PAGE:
- Is everything graded on the same scale (with the same labels)?
No. Grading is specific to every kind of fruit or vegetable, and often grading can be different depending on the form of the produce (fresh vs. canned vs. frozen vs. juice vs. headed for further processing, etc.).
Also, different nomenclature is used for different produce: some use "Grade A," "Grade B," etc. Some use "No. 1," "No. 2," etc. The number of grades can vary. And some use other nomenclature like "Fancy Grade" or "Commercial Grade," either by themselves or in combination with the numerical/letter grade system.
- And is all produce graded, so that for example I can go to the store and find out what grade their supply of a given fruit is?
Grading is voluntary, and it generally costs producers to do it. Unless there is a complaint about quality, many domestic producers won't bother, particularly if they are selling at a local market or something. For marketing agreements, they are often required, though. And international shipments are required to be graded, but only small samples from a given shipment are generally inspected.
- What characteristics do the grades generally depend on, and what characteristics do they ignore?
You really can only tell by reading the individual grading policies for specific produce (there are guidelines for well over 100 different types/forms of fruits and vegetables). The guidelines for fruits are here and for vegetables are here. Also, note that these are only national USDA guidelines. States and regional markets can also set their own grading policies, so a "medium" tomato sold at a state farmers market might be the same as an "X-large" tomato on the USDA grading scale.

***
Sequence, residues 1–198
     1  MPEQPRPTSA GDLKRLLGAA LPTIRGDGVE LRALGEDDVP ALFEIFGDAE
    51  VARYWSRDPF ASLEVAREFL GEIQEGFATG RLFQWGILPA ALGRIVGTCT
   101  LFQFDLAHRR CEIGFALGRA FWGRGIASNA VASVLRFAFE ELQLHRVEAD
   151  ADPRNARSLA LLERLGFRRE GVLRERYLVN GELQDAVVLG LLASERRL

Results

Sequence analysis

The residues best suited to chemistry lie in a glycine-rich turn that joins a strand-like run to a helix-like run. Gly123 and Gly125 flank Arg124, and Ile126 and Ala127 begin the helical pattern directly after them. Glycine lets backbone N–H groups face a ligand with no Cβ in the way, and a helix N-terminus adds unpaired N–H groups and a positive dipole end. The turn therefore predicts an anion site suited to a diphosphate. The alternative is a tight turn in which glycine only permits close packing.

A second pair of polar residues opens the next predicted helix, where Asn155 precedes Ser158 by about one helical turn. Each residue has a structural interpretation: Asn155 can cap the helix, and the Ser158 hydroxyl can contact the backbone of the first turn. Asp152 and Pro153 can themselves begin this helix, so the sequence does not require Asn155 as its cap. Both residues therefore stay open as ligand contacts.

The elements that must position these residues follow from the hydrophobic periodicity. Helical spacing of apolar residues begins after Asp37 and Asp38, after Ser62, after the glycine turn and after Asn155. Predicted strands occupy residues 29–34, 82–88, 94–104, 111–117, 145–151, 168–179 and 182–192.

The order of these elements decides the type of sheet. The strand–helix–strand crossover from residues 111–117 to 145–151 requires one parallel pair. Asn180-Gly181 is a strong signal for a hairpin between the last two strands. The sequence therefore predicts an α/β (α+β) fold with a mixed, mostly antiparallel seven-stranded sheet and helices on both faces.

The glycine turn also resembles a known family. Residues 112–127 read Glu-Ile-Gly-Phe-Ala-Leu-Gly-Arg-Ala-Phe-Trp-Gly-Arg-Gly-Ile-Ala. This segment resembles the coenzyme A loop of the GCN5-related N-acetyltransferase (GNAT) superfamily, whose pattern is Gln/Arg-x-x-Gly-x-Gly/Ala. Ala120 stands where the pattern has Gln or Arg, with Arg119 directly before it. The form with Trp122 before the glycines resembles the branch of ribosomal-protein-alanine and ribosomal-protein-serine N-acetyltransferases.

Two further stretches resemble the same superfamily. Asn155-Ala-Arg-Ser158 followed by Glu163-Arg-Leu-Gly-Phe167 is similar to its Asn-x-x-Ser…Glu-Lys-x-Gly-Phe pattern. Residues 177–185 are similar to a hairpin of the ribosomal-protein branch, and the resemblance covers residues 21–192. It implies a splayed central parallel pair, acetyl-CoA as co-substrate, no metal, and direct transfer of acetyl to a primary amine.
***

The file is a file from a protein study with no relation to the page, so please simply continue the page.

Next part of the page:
But in general, grading often covers things like:
- Size (sometimes specifying different size grades or minimum size for grading)
- Appearance (color, shape, "mature" enough to ensure proper ripening if not ripe already, proper trimming if applicable, extraneous pieces like stems on small fruit, etc.)
- Texture (firmness, smoothness, general "ripe" characteristics, etc.)
- Defects (blemishes, dirt, decay/spoilage, pest damage/disease, damage from sun/heat or cold, foreign material, etc.)
- Allowable tolerances (allowed deviation levels in above characteristics or percentage of pieces allowed to be non-compliant in various characteristics)
Characteristics generally NOT covered by grading:
- Interior of produce (since grading generally focuses on exterior inspection unless there is suspicion of unseen rot, disease, etc.)
- Packaging (beyond some note of packing that is likely to damage produce)